Interior seeks help in Indian trust

Interior Department RFP

The Interior Department issued a request for proposals Feb. 21 for the development and implementation of a plan to conduct a historical accounting of individual American Indian trust accounts.

Vendors have until March 8 to respond to the RFP, which calls for the contractor to lend long-term support, analysis and expert advice from the perspective of handling a large commercial trust operation. The contract is expected to last three years.

The RFP came the same day the contempt trial of Interior Secretary Gale Norton ended in U.S. District Judge Royce Lamberth's court.

A group of American Indians filed a class action lawsuit in 1996 alleging that mismanagement has made it impossible for landowners and their descendants to determine the balances in their accounts.

About 11 million acres are held in trust or restricted status for individual American Indians and nearly 45 million are held for tribes, according to Interior. The plaintiffs estimate there is as much as $10 billion in lost or missing funds.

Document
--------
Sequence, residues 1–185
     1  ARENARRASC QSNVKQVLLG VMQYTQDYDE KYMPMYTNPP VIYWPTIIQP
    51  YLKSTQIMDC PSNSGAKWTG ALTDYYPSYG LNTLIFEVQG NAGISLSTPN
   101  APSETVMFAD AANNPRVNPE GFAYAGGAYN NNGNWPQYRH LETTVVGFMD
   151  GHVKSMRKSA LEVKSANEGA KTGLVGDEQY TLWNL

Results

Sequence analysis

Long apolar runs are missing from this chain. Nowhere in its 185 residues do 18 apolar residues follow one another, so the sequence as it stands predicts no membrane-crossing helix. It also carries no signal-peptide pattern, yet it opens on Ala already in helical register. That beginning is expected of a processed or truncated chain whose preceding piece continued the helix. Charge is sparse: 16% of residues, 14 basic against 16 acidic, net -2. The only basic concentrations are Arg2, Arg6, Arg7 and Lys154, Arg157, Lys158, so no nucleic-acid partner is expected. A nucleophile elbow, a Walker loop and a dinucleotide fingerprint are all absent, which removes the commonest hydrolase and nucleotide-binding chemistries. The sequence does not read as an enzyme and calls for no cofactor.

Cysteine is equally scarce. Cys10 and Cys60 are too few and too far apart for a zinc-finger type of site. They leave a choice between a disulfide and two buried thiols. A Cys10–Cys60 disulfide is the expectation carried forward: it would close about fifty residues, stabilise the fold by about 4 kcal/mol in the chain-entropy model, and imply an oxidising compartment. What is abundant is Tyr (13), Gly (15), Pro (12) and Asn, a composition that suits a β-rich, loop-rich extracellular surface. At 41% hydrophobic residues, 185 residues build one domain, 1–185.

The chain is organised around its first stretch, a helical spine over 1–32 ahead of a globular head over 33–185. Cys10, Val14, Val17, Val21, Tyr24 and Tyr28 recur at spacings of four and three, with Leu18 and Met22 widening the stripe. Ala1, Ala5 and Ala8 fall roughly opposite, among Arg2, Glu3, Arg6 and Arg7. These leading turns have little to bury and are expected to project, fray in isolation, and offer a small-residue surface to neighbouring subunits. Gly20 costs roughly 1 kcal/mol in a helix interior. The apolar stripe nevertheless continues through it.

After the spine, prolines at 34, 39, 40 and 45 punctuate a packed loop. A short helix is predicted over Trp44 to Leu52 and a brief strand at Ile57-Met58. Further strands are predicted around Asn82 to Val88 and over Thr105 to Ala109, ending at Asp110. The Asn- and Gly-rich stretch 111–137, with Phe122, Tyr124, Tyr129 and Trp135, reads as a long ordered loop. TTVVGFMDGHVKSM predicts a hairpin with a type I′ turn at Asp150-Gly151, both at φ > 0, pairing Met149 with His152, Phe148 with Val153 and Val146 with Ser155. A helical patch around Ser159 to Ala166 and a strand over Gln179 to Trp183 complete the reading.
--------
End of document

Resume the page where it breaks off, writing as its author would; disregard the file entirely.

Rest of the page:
In 1999, the court directed the agency to initiate a historical accounting project. Norton and Neal McCaleb, assistant secretary and director of the Bureau of Indian Affairs, face five contempt charges that include failure to comply with the order.

In July, Norton established the Office of Historical Trust Accounting to take charge of the matter.

OHTA, which issued the RFP, also has released a "Blueprint for Developing the Comprehensive Historical Accounting Plan for Individual Indian Money Accounts" and a "Report Identifying Preliminary Work for the Historical Accounting." The office is also working on a comprehensive plan to present to Congress for approval and long-term funding.

Interior requested a $9 million increase for accounting in its budget for fiscal 2003, but a full reconciliation is likely to cost hundreds of millions of dollars, Norton testified at a Feb. 6 hearing before the House Resources Committee.

"I do know [of] situations where the documents that existed no longer exist," she further testified Feb. 13 at her trial.

Meanwhile, much of Interior remains off-line since Lamberth ordered the department to disconnect from the Internet in December after a computer security firm broke into its systems.

However, the Bureau of Land Management's site ( came back online this week.


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